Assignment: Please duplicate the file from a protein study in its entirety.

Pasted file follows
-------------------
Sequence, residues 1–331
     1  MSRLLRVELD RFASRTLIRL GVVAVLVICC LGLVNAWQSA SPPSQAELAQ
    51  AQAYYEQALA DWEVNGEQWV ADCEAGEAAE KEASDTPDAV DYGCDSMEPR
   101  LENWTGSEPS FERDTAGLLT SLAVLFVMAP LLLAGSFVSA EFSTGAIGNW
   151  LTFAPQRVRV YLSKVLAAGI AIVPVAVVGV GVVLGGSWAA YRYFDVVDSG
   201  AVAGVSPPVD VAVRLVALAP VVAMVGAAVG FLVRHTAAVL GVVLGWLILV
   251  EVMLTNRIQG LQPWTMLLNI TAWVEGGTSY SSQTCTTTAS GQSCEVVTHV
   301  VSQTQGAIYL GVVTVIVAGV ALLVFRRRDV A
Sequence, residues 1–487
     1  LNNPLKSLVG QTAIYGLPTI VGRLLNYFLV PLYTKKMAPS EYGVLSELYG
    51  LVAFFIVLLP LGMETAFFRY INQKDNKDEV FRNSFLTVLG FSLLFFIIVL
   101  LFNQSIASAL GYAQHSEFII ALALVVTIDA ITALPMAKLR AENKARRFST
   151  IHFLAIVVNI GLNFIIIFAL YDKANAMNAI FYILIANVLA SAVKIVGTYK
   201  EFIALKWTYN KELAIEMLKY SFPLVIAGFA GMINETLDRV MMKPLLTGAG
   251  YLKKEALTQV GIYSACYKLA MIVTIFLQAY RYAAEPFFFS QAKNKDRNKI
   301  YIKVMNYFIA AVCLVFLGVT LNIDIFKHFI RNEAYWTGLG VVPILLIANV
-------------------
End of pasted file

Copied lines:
Sequence, residues 1–331
     1  MSRLLRVELD RFASRTLIRL GVVAVLVICC LGLVNAWQSA SPPSQAELAQ
    51  AQAYYEQALA DWEVNGEQWV ADCEAGEAAE KEASDTPDAV DYGCDSMEPR
   101  LENWTGSEPS FERDTAGLLT SLAVLFVMAP LLLAGSFVSA EFSTGAIGNW
   151  LTFAPQRVRV YLSKVLAAGI AIVPVAVVGV GVVLGGSWAA YRYFDVVDSG
   201  AVAGVSPPVD VAVRLVALAP VVAMVGAAVG FLVRHTAAVL GVVLGWLILV
   251  EVMLTNRIQG LQPWTMLLNI TAWVEGGTSY SSQTCTTTAS GQSCEVVTHV
   301  VSQTQGAIYL GVVTVIVAGV ALLVFRRRDV A
Sequence, residues 1–487
     1  LNNPLKSLVG QTAIYGLPTI VGRLLNYFLV PLYTKKMAPS EYGVLSELYG
    51  LVAFFIVLLP LGMETAFFRY INQKDNKDEV FRNSFLTVLG FSLLFFIIVL
   101  LFNQSIASAL GYAQHSEFII ALALVVTIDA ITALPMAKLR AENKARRFST
   151  IHFLAIVVNI GLNFIIIFAL YDKANAMNAI FYILIANVLA SAVKIVGTYK
   201  EFIALKWTYN KELAIEMLKY SFPLVIAGFA GMINETLDRV MMKPLLTGAG
   251  YLKKEALTQV GIYSACYKLA MIVTIFLQAY RYAAEPFFFS QAKNKDRNKI
   301  YIKVMNYFIA AVCLVFLGVT LNIDIFKHFI RNEAYWTGLG VVPILLIANV